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Since 2010, my research is focused on TGF-β signaling in chronic liver disease (CLD) including hepatocellular carcinoma (HCC). During early stages of liver injury and regeneration, TGF-β functions as a tumor suppressor whereas in later stages of liver disease this effect is turned to the contrary. Loss of cytostatic properties then results in tumor promotion by TGF-β signaling.
Smad7 is described as a potent endogenous feedback inhibitor of TGF-β, and as such was shown to inhibit fibrogenesis upon overexpression in hepatic stellate cells and hepatocytes (Hamzavi et al., J Cell Mol Med. 2008; Dooley et al., Gastroenterology 2008). Due to the functional switch of TGF-β it is important to evaluate the oncogenic potential of Smad7 in later stages of the disease before (Smad7-based) anti-TGF-β CLD treatment options are fully translated into the clinics. Using different HCC cell lines and a large cohort of human HCC tissue samples, we analysed the ambiguous role of TGF-β and Smad7 to understand the temporal aspects of TGF-β signaling in HCC and defined two clusters of HCC cell lines. While one group (HepG2, PLC/PRF/5, Hep3B, Huh7) was still sensitive towards TGF-β induced cytostasis and expressed relatively low levels of Smad7 and TGF-β, the second group was cytostatically insensitive and showed high intrinsic TGF-β and Smad7 expression (Dzieran et al, PLOSone 2013). Accordingly, Smad7 induced compensatory hepatocyte proliferation in early mouse liver diseases (Feng et al., Clinical Science 2015), but was found to be tumor suppressive in late stage, DEN-induced hepatocellular carcinoma of mice (Feng et al, Oncogenesis, accepted 2016). Here, a crosstalk with STAT3 signaling was demonstrated. In line, high Smad7 expression in the tumor and interestingly as well in the tumor surrounding tissue was associated with better survival in human patients (Feng et al, Clinical Science 2015).
TGF-β2 as a less known isoform of the transforming growth factor beta family is another focus of my work. Evaluation of TGF-β2 abundance in liver diseases (Dropmann et al., Oncotarget, 2016), revealed TGF-β2 upregulation especially in biliary derived liver diseases of mice (MDR2-KO model) and men (PSC, PBC and others). In a thorough study, we then demonstrated beneficial effects of TgfB2 silencing by antisense oligonucleotides (AONs) in MDR2-KO mice (Dropman et al., GUT, 2020). Safe application, tolerability and anti-fibrotic as well as immune-modulatory effects of TgfB2-directed AONs now suggest testing AON efficacy in the treatment of patients with biliary cholestatic fibrosis, especially if associated with increased CD45+ cell infiltration. Associated to the MI3 in cooperation with Prof. Dooley, we now aim to dissect the role of TGF-β2 in much further detail and develop its targeting as a future therapeutic option for this rare but devastating liver disease (https://www.umm.uni-heidelberg.de/mi3/people/steven-dooley/).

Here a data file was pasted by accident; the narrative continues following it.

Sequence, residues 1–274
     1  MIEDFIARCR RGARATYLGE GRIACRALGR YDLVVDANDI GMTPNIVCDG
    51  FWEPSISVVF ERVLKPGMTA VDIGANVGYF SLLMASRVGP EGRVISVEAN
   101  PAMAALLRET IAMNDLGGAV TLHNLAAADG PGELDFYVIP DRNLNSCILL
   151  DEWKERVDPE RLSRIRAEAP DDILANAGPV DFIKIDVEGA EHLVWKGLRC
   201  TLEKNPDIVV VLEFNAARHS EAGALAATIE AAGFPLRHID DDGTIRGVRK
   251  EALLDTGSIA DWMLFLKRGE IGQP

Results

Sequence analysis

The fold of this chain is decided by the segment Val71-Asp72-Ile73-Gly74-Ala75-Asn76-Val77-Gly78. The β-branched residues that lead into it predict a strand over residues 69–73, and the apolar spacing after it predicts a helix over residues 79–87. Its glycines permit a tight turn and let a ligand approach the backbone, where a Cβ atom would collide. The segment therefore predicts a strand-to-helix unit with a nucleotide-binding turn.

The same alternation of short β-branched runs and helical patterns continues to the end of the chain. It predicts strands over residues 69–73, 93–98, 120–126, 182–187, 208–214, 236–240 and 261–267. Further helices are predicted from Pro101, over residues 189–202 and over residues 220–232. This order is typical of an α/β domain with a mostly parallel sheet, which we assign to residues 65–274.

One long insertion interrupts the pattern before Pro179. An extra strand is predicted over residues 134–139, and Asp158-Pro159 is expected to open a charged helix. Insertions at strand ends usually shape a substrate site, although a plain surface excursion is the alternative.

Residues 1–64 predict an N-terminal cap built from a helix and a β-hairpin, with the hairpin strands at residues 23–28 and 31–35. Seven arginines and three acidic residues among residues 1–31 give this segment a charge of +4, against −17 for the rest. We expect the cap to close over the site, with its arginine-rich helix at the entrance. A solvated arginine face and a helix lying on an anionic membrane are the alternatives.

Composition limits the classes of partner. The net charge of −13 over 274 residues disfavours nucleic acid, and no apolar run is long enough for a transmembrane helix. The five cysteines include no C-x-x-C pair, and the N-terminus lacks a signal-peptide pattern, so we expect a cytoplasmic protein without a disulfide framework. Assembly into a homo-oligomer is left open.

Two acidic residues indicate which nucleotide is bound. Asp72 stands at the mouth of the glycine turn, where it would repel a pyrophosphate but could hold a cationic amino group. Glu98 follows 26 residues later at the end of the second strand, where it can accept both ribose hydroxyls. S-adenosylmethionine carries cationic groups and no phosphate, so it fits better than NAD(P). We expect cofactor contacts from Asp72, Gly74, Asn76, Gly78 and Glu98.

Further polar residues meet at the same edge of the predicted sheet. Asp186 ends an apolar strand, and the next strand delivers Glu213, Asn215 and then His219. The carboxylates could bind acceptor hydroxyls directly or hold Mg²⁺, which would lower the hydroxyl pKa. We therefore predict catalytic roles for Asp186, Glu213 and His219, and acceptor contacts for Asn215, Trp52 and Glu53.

Most recently, a collaborative interdisciplinary radiomics-based approach to capture HCC tumor heterogeneity was started (funded by DFG). By extracting and correlating a large number of quantitative imaging features with distinct molecular information, we will gain a deeper understanding of (intra-) tumoral heterogeneity and treatment related patterns in HCC. In detail, we aim to combine multi-parametric magnetic resonance imaging (MRI), 18F-FLT-, and 18F-FDG-PET-computed tomography (CT) data with mass spectrometry imaging (MSI) and molecular features of established rodent HCC models with and without tumor treatment. These correlative data will support the identification of stable feature candidates for an imaging-based discrimination of tumor phenotypes. Focus of my part of the project is treatment (TGF-beta signalling directed galunisertib or sorafenib) and molecular characterization of tumorigenesis and treatment response in established HCC mouse models (e.g. MDR2-KO and TGFα/c-myc). Testing radiomics systematically under the standardized conditions of established animal models controls experimental variance of the entire system to an extent that would never be possible in humans. We hypothesize that radiomics offers a promising approach for advanced characterization of primary hepatocellular carcinoma and respective treatment response variabilities.